“Our squad was patrolling the main highway south of Kirkuk with a group of Iraqi police, October 2005. We had orders to set up a hasty checkpoint which we did next to a big field. Our humvees were lined on each side of the southbound lane pointed north. It was at night so we used flashlights and headlights to signal people to stop and then they were directed to park in the field.

There, the IP would go through each car or truck looking for weapons or bomb making materials. In that part of the country the Kurds and Arabs were constantly battling each other with us caught in the middle. I was about ten meters from the checkpoint providing overwatch on the vehicles.

It was all going pretty well. No problems. About twenty minutes into it a car was approaching and all of a sudden he stepped on the gas. He was coming at us like a rocket. Well, everybody knew that we were going to get the shit blown out of us so we all opened up on this car as it got closer and closer.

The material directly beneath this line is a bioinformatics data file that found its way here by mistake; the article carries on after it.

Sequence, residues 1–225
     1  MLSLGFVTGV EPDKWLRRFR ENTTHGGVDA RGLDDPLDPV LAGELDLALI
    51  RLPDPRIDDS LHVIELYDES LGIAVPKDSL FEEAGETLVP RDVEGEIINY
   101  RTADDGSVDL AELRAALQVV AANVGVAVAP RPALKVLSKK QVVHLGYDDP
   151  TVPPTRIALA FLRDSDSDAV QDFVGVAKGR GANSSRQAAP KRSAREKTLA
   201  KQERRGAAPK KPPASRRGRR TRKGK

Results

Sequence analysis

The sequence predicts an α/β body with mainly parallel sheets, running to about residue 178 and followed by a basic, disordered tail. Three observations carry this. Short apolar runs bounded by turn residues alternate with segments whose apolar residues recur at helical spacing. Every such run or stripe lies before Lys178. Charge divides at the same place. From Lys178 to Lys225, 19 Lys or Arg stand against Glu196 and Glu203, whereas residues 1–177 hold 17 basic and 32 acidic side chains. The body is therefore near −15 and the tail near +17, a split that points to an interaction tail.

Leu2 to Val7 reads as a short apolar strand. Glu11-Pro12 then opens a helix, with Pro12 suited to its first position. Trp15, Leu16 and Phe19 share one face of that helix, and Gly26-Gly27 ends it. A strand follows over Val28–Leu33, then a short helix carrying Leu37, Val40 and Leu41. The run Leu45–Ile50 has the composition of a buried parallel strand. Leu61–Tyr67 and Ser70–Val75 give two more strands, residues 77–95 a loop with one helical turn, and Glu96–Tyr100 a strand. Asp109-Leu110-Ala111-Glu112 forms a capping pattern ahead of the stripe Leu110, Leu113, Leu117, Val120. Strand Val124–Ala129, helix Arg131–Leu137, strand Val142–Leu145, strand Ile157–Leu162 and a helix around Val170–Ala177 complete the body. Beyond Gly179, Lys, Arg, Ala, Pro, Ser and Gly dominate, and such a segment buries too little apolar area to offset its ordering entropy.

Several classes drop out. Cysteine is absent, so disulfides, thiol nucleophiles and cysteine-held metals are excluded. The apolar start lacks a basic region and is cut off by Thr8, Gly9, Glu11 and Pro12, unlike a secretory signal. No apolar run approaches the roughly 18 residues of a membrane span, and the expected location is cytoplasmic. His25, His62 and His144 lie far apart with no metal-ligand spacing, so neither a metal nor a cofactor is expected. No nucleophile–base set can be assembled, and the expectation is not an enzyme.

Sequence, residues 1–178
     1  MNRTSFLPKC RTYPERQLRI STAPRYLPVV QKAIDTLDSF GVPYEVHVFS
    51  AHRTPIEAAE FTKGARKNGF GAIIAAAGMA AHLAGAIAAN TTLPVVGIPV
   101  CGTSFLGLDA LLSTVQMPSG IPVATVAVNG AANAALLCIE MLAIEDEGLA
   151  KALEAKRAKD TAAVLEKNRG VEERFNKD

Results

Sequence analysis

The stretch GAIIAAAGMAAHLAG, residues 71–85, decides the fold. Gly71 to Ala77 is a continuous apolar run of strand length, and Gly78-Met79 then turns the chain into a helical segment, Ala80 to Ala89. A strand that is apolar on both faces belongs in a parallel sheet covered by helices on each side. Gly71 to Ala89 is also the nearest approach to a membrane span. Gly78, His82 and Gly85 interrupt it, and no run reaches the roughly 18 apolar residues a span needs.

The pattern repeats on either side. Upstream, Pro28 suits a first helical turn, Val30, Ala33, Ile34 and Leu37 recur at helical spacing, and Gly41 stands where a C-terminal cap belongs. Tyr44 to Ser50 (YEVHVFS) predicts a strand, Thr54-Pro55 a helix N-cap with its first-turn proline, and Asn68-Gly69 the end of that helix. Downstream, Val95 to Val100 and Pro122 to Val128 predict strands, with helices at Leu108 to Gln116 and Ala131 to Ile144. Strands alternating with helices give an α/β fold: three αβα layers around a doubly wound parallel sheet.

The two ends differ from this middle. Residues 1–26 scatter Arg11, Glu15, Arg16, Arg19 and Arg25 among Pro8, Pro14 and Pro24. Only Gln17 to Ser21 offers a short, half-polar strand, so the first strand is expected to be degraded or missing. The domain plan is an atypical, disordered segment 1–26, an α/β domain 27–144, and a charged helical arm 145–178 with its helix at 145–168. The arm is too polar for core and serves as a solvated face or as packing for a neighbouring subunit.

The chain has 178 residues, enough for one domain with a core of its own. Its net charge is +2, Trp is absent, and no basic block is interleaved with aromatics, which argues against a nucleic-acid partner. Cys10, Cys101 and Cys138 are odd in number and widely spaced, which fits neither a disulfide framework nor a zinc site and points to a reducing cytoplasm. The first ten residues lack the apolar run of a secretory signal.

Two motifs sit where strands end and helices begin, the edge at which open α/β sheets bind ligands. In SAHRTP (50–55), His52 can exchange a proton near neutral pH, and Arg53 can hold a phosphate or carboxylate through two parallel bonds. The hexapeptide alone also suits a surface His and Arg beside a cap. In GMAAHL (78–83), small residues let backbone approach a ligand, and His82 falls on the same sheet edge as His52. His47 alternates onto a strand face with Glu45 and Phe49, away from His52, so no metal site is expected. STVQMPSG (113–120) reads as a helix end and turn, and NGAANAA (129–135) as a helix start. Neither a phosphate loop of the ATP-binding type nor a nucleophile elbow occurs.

Rifle fire, .50 cal., my 203. Everything. And still he came. Finally I just kind of closed my eyes waiting for the “click-boom” and the searing heat of the explosion. Something I was familiar with having just had my humvee hit by an IED the month before. But the only noise was the screeching of brakes as the guy finally came to a stop at the checkpoint. Everyone ran over to his car thinking that this dude was going to be ground meat.

Not a f*cking scratch! The IP pulled him out of the car. Through our interpreter he said that he was drunk, freaked out when he saw our lights and mixed up the brake and gas pedal.
The IP changed his flat tire and sent him on his way. We, in turn, got the f*ck out of there and RTB.

We were fixin to rotate back to the states the next month so that was out last hasty checkpoint. And our patrols for that last month devolved into just driving around trying to stay out of harms way.”
-Sgt. Fred Hansen, 1st Infantry Division. Iraq 2005.
This interview was conducted by Battles and Beers (TM) Every soldier has a story, and every story deserves to be told.